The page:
Some newer information now says we should be more aggressive in stroke patients. There is evidence that after a stroke or transient ischemic attack (TIA), that cholesterol goals should be even lower. TIA is another name for mini-stroke that happens then goes away. Remember we usually aim for an LDL of 2.5 mmol/L. But data suggests getting to an LDL of 1.8 mmol/L or lower prevents a recurrent cardiovascular event in about 1 in 42 ischemic stroke or TIA patients treated for 3.5 years. To get the LDL to under 1.8 mmol/L often you will have to add another medication like ezetimibe to a patient's statin. Usually we'll check someone's LDL 4 to 12 weeks after starting a statin and then once a year after that.

Statin drugs like atorvastatin and rosuvastatin sometimes get some bad press about their risks. Let's try to put the risks in perspective. If 20 patients with heart disease take a statin for 5 years, we will prevent one heart attack or stroke. That's pretty good. Muscle pain from statins is rare and the really bad muscle damage called rhabdomyolysis happens in less than one in 43,000 patients. There are alternatives to statins, but they don't have the decades of good research behind them. Ezetimibe and the PCSK9 inhibitors do lower LDL, but none of them has been shown to reduce the chance of a heart attack or stroke when used alone. And the PCSK9 inhibitors cost over $7000 per year. Finally, don't pick fish oil supplements or red yeast rice instead of statins. There is some evidence that fish oil and red yeast rice might be healthy things to add to your diet. But neither has been shown to reduce the risk of heart attack or stroke.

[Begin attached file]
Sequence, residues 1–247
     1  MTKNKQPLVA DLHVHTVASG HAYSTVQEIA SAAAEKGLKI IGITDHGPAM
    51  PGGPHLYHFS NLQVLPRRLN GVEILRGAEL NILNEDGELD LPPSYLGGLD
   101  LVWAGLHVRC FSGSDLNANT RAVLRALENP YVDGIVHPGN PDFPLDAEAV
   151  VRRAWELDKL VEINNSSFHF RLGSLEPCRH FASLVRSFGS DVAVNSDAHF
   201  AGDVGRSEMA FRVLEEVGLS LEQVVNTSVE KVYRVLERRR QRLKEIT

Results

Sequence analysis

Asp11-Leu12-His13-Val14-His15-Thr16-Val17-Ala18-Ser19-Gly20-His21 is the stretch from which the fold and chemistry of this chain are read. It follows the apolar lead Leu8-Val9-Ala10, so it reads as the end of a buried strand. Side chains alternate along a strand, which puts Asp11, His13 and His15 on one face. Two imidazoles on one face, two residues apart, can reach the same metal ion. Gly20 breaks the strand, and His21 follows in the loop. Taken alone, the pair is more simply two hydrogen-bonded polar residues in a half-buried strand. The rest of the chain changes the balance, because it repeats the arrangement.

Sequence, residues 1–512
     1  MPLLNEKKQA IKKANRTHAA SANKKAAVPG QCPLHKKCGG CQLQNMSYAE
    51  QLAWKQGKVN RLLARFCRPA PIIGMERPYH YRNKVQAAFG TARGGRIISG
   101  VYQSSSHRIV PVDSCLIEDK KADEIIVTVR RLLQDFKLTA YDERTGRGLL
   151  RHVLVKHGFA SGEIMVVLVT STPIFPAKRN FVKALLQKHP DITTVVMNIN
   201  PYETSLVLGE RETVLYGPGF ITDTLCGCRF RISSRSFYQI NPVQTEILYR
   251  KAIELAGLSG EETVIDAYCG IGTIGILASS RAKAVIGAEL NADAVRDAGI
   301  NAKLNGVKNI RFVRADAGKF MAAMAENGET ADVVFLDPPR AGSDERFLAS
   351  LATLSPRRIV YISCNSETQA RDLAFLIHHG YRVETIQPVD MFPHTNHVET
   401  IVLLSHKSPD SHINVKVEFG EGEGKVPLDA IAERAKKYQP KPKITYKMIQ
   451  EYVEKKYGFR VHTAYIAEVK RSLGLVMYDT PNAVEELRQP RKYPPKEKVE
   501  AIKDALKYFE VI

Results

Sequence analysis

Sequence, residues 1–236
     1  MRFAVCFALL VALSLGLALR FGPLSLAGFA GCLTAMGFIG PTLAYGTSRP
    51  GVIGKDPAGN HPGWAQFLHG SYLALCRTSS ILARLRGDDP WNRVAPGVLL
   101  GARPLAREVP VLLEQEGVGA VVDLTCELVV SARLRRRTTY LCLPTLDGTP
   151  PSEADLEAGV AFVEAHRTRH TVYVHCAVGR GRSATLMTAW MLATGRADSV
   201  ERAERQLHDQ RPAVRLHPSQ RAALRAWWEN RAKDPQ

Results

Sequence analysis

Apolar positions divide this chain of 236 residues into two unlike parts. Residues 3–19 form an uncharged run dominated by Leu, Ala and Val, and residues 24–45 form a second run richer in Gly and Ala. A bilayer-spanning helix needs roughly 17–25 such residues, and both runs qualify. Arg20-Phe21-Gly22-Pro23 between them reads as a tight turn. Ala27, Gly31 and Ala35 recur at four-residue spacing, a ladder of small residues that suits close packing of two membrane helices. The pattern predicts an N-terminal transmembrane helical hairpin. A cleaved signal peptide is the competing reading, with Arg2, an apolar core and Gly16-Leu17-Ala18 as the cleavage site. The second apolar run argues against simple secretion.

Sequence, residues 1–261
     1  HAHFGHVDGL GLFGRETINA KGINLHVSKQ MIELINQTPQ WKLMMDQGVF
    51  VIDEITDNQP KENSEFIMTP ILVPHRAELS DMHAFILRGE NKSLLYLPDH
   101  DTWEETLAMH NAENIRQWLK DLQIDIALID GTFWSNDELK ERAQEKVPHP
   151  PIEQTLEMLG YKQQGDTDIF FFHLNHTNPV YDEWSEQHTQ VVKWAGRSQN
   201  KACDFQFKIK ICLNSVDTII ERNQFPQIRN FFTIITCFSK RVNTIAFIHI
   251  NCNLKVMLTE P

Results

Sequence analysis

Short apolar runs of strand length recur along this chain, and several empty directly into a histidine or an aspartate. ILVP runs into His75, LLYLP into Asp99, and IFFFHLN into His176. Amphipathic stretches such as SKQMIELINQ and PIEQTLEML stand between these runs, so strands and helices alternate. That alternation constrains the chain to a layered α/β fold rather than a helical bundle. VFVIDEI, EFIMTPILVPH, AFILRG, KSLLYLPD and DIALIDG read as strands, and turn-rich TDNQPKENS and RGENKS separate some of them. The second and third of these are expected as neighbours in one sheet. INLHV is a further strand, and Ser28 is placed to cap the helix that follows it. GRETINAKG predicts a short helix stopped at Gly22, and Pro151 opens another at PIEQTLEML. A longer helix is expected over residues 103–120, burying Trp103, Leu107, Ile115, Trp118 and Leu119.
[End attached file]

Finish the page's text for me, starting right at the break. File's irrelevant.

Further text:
The "Worst Customer Service Ever" billboard was for Prairie Supply Co. I've been there, as I'm sure many of you have. Dale and his staff pride themselves on great customer service. The first thing the billboard did right was to catch my attention. I can't remember the last time I took a picture of a billboard with my phone. The second was it told a great story that I wanted to know the ending of. Who was this disgruntled customer? What happened to her? Then I started rooting for Prairie Supply Co. Why was she treating them so unfairly? Then, most importantly, I wanted to go to Prairie Supply Co and tell them I thought they were being treated unfairly. All of that in 5 seconds or so. The power of advertising always amazes me. In a world of internet trolls and viral memes with one Billboard, suddenly "Toc Tic" and my view of a complaint about store's brand is reversed.

As always if you have any questions or concerns about these or other products, ask your pharmacist.

The information in this article is intended as a helpful guide only. It is not intended to be used as a substitute for professional advice. If you have any questions about your medications and what is right for you see your doctor, pharmacist or other health care professional.

Heart Research Institute -

Why So Many of Us Die from Heart Disease - The Atlantic -

Stroke Best Practices -